Starting Down the Path

September 14, 2010 at 3:41 am (Uncategorized)

The latest Monthly Feature is now up on the Varuna Alumni News site, for anyone who is interested. Some of you may recall my cringe-worthy experience at the Sydney Writers’ Festival Afternoon Tea this year, at which I was struck by a sickening nerve attack after putting up my hand to object to a comment made by moderator Geraldine Doogue. A mild sense of indignation has remained ever since, and it stewed away until I finally attended to it by writing this feature on literary allusions. It’s interesting how some ideas and issues simply refuse to go away, and this one certainly lingered. Anyway, I hope those of you who venture across to the Alumni News enjoy it – I am certainly getting a lot out of writing the feature each month (even though I suffer crippling anxiety about its quality each and every time).

I must also tell you about a forthcoming Varuna event: the annual Pathways to Publication forum is coming up on Monday 11 October, and tickets are currently still available. I unfortunately can’t attend this year because of my obstetrics schedule; Dr F is a busy man, constantly delivering babies, so there’s not a lot of flexibility with these things unless there’s an unforeseen emergency his end, so I just turn up when instructed. But I’ve been to Pathways before, and for anyone thinking of going who may happen upon this blog, let me assure you it’s a great, very worthwhile day. And from a community-of-writers perspective, a forum like this can prove to be really useful to aspirants like myself. You have a very good chance of striking up a conversation with someone who lives on the other side of the gate. You know the one – it’s that rather forbidding barrier marked Published Author.

For example, it’s where I first met Shuckin’ Charlotte – a.k.a Charlotte Wood, author of The Children, The Submerged Cathedral and Pieces of a Girl, as well as editor of the Brothers and Sisters anthology – face-to-face. Charlotte now holds the dubious distinction of being one of the first Australian novelists I ever met IN THE FLESH, and it’s no surprise our first encounter proved far more significant for me, because she’s since been such a generous unofficial mentor, and is an all round tireless advocate for Australian writers in general. Though we knew someone non-writerly in common, my personal association with Charlotte started when she admired my necklace after I stopped (assaulted?!) her in the coffee queue. The moral of the story is: never underestimate the importance of a good accessory. Oh, and never abstain from caffeine when it’s so obviously good for you. Finally, never disregard the networking potential of a snaking queue.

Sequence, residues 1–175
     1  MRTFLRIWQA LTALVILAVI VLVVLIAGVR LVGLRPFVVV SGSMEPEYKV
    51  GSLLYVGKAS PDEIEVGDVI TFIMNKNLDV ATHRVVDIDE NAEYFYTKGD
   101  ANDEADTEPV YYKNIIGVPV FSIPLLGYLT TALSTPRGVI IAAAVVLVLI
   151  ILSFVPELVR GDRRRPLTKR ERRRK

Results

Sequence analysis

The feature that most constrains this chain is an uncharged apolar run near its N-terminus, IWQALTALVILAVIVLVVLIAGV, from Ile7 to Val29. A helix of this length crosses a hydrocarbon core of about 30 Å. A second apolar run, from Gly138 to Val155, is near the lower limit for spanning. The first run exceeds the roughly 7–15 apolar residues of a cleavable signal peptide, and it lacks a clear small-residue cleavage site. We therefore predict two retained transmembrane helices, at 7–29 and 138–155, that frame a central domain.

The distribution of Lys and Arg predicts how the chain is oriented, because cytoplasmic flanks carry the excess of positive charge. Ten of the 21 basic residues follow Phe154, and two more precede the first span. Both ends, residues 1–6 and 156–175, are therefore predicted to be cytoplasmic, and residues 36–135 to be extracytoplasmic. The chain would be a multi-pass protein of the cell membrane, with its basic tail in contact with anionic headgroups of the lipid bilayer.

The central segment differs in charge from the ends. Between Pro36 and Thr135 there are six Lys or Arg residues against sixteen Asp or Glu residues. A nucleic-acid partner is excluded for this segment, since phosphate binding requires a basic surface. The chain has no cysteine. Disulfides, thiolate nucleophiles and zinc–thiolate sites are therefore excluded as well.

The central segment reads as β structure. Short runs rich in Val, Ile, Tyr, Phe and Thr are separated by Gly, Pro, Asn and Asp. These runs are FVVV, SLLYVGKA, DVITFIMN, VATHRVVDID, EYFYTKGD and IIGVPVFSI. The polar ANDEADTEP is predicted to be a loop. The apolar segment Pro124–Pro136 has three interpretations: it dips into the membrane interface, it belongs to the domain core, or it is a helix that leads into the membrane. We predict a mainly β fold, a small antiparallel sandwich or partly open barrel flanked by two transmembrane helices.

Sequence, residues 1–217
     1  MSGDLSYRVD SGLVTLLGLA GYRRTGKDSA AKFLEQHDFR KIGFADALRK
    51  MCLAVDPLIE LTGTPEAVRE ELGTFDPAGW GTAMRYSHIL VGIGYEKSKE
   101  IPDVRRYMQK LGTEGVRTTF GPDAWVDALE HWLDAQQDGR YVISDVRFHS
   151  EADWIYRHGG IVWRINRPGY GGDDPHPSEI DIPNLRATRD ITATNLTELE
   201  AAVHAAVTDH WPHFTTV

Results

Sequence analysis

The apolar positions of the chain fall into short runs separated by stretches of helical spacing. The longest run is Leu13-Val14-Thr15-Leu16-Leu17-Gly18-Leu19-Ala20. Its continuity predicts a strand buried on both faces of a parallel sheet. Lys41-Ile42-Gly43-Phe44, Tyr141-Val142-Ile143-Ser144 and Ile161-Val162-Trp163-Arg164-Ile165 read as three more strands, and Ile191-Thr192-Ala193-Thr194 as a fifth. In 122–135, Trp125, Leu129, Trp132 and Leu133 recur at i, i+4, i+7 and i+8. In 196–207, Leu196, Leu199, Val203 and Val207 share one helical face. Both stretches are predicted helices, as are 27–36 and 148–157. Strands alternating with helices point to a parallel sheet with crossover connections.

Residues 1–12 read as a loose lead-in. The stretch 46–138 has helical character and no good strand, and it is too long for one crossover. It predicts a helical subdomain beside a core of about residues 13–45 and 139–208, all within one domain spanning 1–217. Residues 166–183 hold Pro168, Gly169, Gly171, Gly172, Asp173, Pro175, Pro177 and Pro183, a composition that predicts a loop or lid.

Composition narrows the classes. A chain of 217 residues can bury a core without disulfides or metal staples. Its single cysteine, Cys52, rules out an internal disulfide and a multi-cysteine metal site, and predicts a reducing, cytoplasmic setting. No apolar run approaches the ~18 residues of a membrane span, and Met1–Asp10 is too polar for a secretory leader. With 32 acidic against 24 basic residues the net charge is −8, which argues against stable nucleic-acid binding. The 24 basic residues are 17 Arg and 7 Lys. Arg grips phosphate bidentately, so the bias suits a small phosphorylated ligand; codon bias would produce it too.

It was also at Pathways, thanks to Varuna’s Creative Director Peter Bishop, who makes a habit of engineering such things, that I met and was able to speak to a prominent Acquisitions Editor. She ultimately passed on my MS as it stood, and with good reason, but she was extraordinarily giving of both her time and her invaluable feedback on my work. I have absolutely no doubt that meeting her in person at Pathways helped secure our later interactions. Finally, an agent on one of the panels told the audience she was accepting submissions; I followed up afterwards by sending her mine. She too passed, but invited me to resubmit after redrafting – as did the Acquisitions Editor.